Vol.2, No.1

Choosing the right wick for different types of candle making

Learn how to choose the correct wick for your next candle making project.

Large pillar candles
Photo Credit: Eve Hodgson
Choosing the right wick is an integral part of the candle making process. The appropriate wick is essential in order for the candle to burn correctly--slowly, evenly, and without smoking. Higher quality wicks are typically braided, whereas lower quality or throwaway candles such as those used for birthdays, are usually twisted.

The wick controls the speed at which a candle burns as well as how clean it burns. If a wick is too small for the candle, the flame will be smaller and subsequently melt a smaller portion of wax. This in turn will cause the candle to snuff itself out. A wick that is too large for a candle will cause too much wax to melt and overpower the flame.

The choice of wick is determined by a number of factors such as the diameter of the candle, the type of wax used (beeswax, soy, gel, paraffin), additives such as fragrance or dyes, and whether a container is used to house the candle. Depending on the type of wax, the same diameter candle might need a different type of wick. For example, beeswax candles require a thicker, sturdier wick than paraffin candles of the same diameter.

Although there are more than 100 different types of wicks, they fall into three broad categories: Flat, square, and cored. Most flat and square wicks are made of cotton or a combination of cotton and paper and are soaked in a brine solution to minimize the amount of smoking. Cored wicks are made with a zinc or tin center surrounded by paper or cotton.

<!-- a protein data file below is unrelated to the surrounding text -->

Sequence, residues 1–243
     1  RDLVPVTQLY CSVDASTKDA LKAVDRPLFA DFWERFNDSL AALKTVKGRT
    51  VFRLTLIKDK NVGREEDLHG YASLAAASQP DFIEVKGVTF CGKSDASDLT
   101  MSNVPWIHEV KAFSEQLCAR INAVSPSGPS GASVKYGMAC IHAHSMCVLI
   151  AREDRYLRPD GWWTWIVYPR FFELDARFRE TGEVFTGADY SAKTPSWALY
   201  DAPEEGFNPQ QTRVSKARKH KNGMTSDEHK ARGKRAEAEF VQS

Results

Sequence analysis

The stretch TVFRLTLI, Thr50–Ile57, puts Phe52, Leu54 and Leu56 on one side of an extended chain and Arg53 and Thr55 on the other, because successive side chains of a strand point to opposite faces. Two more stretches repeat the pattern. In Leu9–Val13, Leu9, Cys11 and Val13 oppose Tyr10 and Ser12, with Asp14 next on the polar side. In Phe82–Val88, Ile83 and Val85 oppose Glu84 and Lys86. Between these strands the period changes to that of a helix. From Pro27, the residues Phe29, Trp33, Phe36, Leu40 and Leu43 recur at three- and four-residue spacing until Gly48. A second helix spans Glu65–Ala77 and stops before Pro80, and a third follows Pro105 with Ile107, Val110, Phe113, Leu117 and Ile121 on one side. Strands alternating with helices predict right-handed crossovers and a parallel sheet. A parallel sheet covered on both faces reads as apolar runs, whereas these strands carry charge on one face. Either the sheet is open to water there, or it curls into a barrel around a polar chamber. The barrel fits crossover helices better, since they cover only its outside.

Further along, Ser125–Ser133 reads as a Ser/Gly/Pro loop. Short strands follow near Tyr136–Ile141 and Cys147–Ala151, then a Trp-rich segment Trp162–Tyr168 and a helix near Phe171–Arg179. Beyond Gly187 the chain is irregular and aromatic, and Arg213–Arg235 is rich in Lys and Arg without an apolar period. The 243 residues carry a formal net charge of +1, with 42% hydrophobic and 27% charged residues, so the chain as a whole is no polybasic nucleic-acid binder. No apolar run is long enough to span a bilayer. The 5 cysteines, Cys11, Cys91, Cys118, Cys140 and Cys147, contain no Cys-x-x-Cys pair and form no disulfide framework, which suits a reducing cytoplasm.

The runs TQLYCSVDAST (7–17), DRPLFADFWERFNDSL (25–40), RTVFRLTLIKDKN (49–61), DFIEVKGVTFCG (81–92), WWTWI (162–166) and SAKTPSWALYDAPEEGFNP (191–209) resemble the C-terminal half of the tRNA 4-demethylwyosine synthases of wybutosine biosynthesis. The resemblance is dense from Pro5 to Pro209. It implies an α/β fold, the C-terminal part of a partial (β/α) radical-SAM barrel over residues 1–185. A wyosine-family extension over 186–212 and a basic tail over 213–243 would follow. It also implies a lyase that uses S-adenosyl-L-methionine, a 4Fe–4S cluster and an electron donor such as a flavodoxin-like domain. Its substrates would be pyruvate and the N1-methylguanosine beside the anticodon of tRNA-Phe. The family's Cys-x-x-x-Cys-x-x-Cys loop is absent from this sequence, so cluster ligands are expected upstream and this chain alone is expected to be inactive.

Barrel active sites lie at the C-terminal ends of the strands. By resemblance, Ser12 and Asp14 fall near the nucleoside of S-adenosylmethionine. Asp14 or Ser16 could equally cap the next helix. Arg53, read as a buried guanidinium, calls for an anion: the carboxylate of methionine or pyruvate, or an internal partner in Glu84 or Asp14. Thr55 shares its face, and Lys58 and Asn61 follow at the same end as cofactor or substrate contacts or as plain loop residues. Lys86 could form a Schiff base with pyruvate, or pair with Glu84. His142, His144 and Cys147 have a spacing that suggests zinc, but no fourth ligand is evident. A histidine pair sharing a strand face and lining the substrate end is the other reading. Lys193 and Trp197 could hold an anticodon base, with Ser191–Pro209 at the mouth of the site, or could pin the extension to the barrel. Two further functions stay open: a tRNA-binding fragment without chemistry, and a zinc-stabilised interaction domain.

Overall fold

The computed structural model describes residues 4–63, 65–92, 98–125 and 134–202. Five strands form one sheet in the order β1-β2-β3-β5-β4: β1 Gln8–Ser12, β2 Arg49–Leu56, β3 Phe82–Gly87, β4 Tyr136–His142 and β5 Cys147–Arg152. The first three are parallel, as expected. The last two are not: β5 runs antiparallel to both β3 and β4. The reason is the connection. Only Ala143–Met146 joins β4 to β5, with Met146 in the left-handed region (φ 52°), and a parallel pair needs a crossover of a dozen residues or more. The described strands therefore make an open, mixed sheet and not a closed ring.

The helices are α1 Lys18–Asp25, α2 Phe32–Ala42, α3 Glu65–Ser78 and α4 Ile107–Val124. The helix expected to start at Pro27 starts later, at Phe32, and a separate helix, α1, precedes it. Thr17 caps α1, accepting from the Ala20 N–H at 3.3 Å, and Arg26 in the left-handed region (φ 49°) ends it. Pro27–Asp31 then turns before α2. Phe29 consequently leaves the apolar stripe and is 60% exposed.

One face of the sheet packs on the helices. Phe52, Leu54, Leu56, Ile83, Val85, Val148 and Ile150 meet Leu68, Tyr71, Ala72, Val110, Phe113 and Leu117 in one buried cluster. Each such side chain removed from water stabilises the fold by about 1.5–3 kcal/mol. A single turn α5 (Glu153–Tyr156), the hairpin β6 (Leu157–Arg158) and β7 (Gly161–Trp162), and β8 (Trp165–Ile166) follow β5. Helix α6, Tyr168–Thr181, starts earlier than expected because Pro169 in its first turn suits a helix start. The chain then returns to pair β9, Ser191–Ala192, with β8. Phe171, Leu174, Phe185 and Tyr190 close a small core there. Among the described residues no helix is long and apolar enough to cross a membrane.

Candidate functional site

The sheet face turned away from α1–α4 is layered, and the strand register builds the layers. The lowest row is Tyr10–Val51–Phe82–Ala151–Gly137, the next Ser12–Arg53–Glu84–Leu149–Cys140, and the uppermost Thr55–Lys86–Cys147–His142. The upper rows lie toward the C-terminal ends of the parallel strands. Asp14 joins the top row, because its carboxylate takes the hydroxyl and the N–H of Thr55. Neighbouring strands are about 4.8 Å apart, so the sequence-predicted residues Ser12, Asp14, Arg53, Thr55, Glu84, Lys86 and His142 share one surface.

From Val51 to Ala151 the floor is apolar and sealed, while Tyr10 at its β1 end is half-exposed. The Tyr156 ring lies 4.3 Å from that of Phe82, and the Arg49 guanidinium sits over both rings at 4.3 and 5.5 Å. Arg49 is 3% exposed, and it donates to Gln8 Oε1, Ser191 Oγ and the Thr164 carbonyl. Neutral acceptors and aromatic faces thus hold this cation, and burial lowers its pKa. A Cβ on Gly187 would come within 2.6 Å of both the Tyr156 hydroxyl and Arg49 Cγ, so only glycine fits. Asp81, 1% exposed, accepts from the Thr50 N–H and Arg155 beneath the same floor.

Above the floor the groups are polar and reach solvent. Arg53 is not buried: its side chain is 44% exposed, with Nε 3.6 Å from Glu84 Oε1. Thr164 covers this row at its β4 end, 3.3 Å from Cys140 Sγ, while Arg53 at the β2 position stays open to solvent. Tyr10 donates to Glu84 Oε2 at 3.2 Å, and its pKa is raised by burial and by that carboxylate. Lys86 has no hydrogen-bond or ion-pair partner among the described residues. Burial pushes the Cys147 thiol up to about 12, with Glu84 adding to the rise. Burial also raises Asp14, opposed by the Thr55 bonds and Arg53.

The most common type of wick is a flat braided wick composed of three multi-ply strands of cotton. Flat wicks are mainly used for tapered, smaller diameter pillar candles, and votives. These wicks are self-trimming. In other words, they burn themselves out and don�t need to be trimmed by hand when the candle is burning.

Square wicks, which are braided to form a square, are sturdier. They are nearly always used for beeswax sheet and tapered candles, as well as novelty candles, other kinds of tapers, and larger diameter pillar candles. They are the wicks of choice for larger diameter candles because they produce a larger flame ensuring that the candle will not melt faster on one side than the other. Beeswax candles burn and melt more slowly than paraffin candles, which is why a sturdier and larger wick (with a larger flame) is the best choice.

Cored wicks used to be made with a lead core. Lead core wicks have been banned in the United States, but are still being manufactured in some countries. Cored wicks are now designed with a zinc or tin core surrounded by paper or cotton, which is braided to form a round wick. Cored wicks are the most rigid of the three groups.

Cored wicks are not self-trimming and remain standing upright when the candle is burning. They are primarily used for votives, pillars, floating candles, tea lights, and candles in jars or other containers. Metal core wicks burn hotter and are a good choice for gel candles, which burn slower than paraffin candles and require higher temperatures to melt.